Washington: Maya civilisation known for its art and astronomy also had political and economic systems that were similar to modern societies, scientists have found.
Most of what we know about Maya civilisation relates to kings, queens and their elaborate temples.
"When you think about the Romans and the Greeks, we know a lot about all of the different social classes - from the Caesars down to the commoners - but although there were tens of thousands of middle-class and lower-income Maya in big cities, we still don't know much about the everyday lives of most people," said Ashley Sharpe, a doctoral student at the Florida Museum of Natural History at University of Florida.
Researchers studied 22,000 animal remains at the museum as clues about life in the Maya lower classes.
The bones showed that the civilisation had political and economic systems that were more complex than previously thought - systems similar to modern societies.
"We looked at how the Maya acquired and distributed animal resources in order to learn more about the economy and how the royal, elite and lower classes interacted," said Sharpe.
"It turns out, the Maya states and classes were not all homogenous. They had complicated systems in place for trade relations, distribution of food and access to species, which varied among the cities and social classes much like they do today," Sharpe said.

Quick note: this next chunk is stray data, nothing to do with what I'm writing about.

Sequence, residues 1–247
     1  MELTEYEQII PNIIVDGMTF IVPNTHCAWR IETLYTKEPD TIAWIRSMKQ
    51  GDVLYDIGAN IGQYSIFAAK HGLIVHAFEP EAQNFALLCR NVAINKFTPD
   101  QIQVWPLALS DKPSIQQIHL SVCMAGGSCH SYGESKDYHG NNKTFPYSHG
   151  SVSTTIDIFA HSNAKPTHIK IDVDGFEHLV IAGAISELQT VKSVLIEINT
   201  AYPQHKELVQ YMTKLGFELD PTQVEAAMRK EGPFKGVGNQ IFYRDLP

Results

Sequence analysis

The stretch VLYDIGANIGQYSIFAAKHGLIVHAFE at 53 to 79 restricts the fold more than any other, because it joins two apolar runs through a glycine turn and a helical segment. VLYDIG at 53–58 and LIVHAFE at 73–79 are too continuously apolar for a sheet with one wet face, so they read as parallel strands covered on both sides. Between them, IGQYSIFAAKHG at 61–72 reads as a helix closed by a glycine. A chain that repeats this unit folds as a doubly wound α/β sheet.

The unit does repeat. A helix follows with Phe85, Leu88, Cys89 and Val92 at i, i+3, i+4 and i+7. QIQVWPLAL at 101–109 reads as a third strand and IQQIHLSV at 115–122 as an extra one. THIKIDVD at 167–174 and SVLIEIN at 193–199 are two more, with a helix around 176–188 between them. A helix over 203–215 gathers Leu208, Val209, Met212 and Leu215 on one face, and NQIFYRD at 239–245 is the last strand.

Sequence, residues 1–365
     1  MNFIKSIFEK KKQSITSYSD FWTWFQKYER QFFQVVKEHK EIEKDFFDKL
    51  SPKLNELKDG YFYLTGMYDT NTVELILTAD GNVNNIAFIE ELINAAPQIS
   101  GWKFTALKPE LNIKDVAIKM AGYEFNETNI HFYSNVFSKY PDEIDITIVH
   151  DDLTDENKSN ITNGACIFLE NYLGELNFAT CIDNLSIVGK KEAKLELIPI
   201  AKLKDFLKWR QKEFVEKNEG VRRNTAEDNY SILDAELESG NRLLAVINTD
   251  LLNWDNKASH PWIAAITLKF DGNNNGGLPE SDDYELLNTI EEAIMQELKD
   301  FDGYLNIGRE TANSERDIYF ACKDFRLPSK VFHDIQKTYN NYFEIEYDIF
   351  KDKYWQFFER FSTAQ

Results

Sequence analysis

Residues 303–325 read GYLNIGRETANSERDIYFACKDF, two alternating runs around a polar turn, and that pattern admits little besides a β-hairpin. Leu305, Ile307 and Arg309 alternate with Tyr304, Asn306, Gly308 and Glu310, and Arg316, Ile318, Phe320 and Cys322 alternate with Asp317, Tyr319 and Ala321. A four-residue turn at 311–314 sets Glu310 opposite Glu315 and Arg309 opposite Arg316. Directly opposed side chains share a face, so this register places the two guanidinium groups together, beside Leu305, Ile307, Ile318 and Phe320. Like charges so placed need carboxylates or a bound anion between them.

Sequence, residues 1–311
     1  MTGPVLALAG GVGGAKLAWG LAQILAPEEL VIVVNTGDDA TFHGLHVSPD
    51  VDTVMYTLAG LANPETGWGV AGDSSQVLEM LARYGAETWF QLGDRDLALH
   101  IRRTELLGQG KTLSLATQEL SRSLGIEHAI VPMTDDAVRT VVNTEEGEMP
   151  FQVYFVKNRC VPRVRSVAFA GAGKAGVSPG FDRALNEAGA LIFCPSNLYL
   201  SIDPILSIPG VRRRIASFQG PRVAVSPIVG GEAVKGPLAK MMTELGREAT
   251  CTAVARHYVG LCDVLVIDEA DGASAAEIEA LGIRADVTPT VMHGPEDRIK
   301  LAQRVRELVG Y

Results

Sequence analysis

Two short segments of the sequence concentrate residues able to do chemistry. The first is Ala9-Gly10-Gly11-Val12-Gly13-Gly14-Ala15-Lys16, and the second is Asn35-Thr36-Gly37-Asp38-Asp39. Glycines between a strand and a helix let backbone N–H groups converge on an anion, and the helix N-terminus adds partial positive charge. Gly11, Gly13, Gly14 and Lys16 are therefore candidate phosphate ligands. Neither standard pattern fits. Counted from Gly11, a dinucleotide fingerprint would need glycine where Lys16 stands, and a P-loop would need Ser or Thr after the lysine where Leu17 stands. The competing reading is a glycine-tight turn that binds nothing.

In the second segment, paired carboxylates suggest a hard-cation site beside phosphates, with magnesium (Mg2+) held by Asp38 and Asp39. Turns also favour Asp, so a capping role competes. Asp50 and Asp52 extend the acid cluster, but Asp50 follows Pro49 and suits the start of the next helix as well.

Sharpe and co-author Kitty Emery, Florida Museum associate curator of environmental archaeology, examined the animal remains from the ruins of three Maya city-states in Guatemala.
Sharpe traced the movement of animals and their resources from trade partners to Aguateca and the capitals of Piedras Negras and Yaxchilan. She also followed the flow of resources between royalty, the rich and the poor at the capital cities and to the less powerful surrounding villages.
Researchers found that middle-ranking elites used the widest variety of animals, while royalty and other high-ranking elites focused on a select group of symbolic and prestigious animals like jaguars and crocodiles.
"We had expected that the elites would have the highest diversity but that was not the case," Sharpe said.
Sharpe said poor villagers mostly ate fish and shellfish from rivers near their homes.
Researchers also found evidence that much like in medieval Britain, the Maya may have regulated hunting and fishing, creating more of a divide in access to animal resources among the classes.
At each of the three cities, elites, middle and lower classes all had access to different types of species, both imported marine resources as well as animals that could be obtained from nearby forests and rivers, Sharpe said.
The study was published in the Journal of Anthropological Archaeology.